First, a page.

3. What defines "abnormal uterine bleeding (AUB)"? Bleeding that's heavy or prolonged or occurs outside normal menstrual cycles. Ovulatory AUB, or heavy menstrual bleeding, occuring as part of the usual cycle, is most commonly caused by uterine problems (i.e., endometrial polyps, leiomyomas, malignancy) or bleeding disorders. Ovulatory dysfunction is AUB that presents as irregular, heavy, or frequent episodes of bleeding without a clear pattern. While this is usually from anovulatory cycles, it's considered a diagnosis of exclusion; other causes to consider would be endocrine disorders, pregnancy and infection.
  4. When working up AUB, what are key parts of the history and physical? In addition to regular elements of H&P, we should obtain 1) Menstrual history: timing of menarche, usual frequency, duration, and volume of bleeding, presence of menstrual cramps, when/how did menstrual bleeding change, and any medical problems or lifestyle changes or other events that coincided with the change; 2) confidential HEADSSS review of substance use, sexuality, sexual activity, exposure to STIs, contraception, and any history of sexual abuse; 3) related ROS including symptoms of PCOS, thyroid disease, bleeding disorders, pelvic infection, anemia, psychosocial dz like eating disorders/female athlete triad; and 4) physical exam including external genitalia; consider a full pelvic exam in sexually active females.
  5. What tests would you obtain? Depending on the presentation, appropriate lab testing could include a urine pregnancy test or quantitative hCG level, CBC, TSH, and iron studies. If there's heavy bleeding, check coagulation studies including von Willebrand panel and possibly platelet function. An androgen panel would be useful if a patient is hirsute or has significant acne. An ultrasound would be done to help evaluate pelvic anatomy, uterine abnormalities and endometrial thickness – usually it could be done transabdominally, but transvaginal can provide better anatomy if patient is sexually active and more detail is needed.

TOW #45: Newborn circumcision

Newborn male circumcision is a topic that remains controversial in pediatrics, and overall the AAP has maintained a neutral stance on it. The most recent reports from the AAP were issued in 2012 with our own Dr. Doug Diekema as one of the authors on the policy statement. In reviewing the evidence, they declared that, overall, male circumcision has adequate benefits compared to risks to "justify access to the procedure for families who choose it." In Washington State, families who choose circumcision must pay for the procedure out of pocket. At the UW Northgate Clinic, one of the sites recommended from the UW nursery, it costs about $300. We are often called upon to discuss the procedure and evaluate complications, so let's review.

Materials for this week:

Key take-home points:

  1. What are the main benefits of circumcision and what are the main risks? Benefits include decreased risk of UTI before age 2, and decreased risk of heterosexual transmission of STIs including HIV, HPV, HSV-2, and bacterial vaginosis in female partners. It may reduce the risk of penile cancer, which is rare overall. Complication rate is about 0.2% and mostly minor, including bleeding (0.1%), infection (0.06%) and penile injury (0.04%). There are also known later complications, such as adhesions, phimosis, inclusion cysts, and poor cosmetic outcome. Contraindications include known bleeding disorders, penis malformations including chordee, hypospadias, epispadias, and buried penis.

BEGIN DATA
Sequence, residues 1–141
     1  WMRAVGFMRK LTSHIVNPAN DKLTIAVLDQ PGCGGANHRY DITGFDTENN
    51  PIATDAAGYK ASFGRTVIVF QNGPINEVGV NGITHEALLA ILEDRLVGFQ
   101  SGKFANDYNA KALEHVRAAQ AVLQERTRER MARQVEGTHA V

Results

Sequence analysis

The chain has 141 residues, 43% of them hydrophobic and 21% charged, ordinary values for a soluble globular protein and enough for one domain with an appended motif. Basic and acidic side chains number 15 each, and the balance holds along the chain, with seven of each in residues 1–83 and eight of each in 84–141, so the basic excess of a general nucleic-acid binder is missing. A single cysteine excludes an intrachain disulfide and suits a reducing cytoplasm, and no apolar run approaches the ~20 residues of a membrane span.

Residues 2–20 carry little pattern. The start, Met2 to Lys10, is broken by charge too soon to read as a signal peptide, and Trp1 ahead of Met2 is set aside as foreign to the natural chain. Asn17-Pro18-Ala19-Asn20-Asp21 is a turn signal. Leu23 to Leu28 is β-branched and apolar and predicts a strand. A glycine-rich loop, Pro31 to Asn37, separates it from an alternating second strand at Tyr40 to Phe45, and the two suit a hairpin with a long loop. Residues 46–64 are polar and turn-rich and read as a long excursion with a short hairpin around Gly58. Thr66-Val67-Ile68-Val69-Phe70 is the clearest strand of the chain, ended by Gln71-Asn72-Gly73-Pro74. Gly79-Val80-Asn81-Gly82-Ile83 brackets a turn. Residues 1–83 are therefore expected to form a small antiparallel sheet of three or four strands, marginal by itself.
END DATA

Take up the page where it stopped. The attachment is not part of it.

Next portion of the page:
2. What are the 3 most common circumcision procedures? There are many types of approaches/devices, but the Gomco, Plastibell and Mogen (or Mogan) are the most commonly used (see videos above for all 3). Gomco and Mogen use scalpel dissection to cut the tissue and have a higher risk of bleeding. Plastibell technique uses a tying off of tissue with the Plastibell ring (minus handle), residual foreskin, and suture remaining on the glans and falling off in 5-7 days. All procedures should have appropriate analgesia, ideally with a dorsal penile or subcutaneous ring block, less helpful is topical lidocaine/prilocaine. Adjunctive oral sucrose can be used but should not be the sole analgesia.
  3. What key anticipatory guidance should we provide regarding circumcision care? After circumcision, the glans can appear red and raw from lysing foreskin adhesions, and can be somewhat worrisome to parents. Swelling peaks 24-48 hours after the procedure and there may be fibrinous exudate as the glans heals. Parents should clean with warm water and mild soap if fecal material gets on the penis. Fortunately, infection is rare; observe for increasing redness, swelling, pain or purulent discharge. For circumcisions done with sharp dissection (Gomco or Mogen), parents should apply petroleum jelly on a gauze pad over the penis tip with each diaper change for 1-2 weeks until the skin is epithelialized. Plastibell circumcisions do not require vaseline but observe for slippage of the bell or difficulty urinating.
  4. When is referral indicated for management of circumcision problems? What about for later circumcision? Most often referral to urology after circumcision is for addressing redundant foreskin, meatal stenosis, and adhesions or skin bridges. Later medical circumcision might be considered for recurrent UTI, phimosis or paraphimosis, or high risk of UTI (high grade vesicoureteral reflux, bladder neck obstruction hydronephrosis, posterior urethral valves). 
  5. What advice do we give about care for the uncircumcised penis? The only care needed is washing the external surface with soap and water and not retracting the foreskin, which can cause pain, bleeding and lead to paraphimosis, when it becomes stuck in the retracted position. Only 4% of uncircumcised infants have completely retractible foreskin initially. Most babies have physiologic phimosis (inability to retract the foreskin), which usually resolves by age 3 in about 90% of boys, and by teenage years in almost all boys.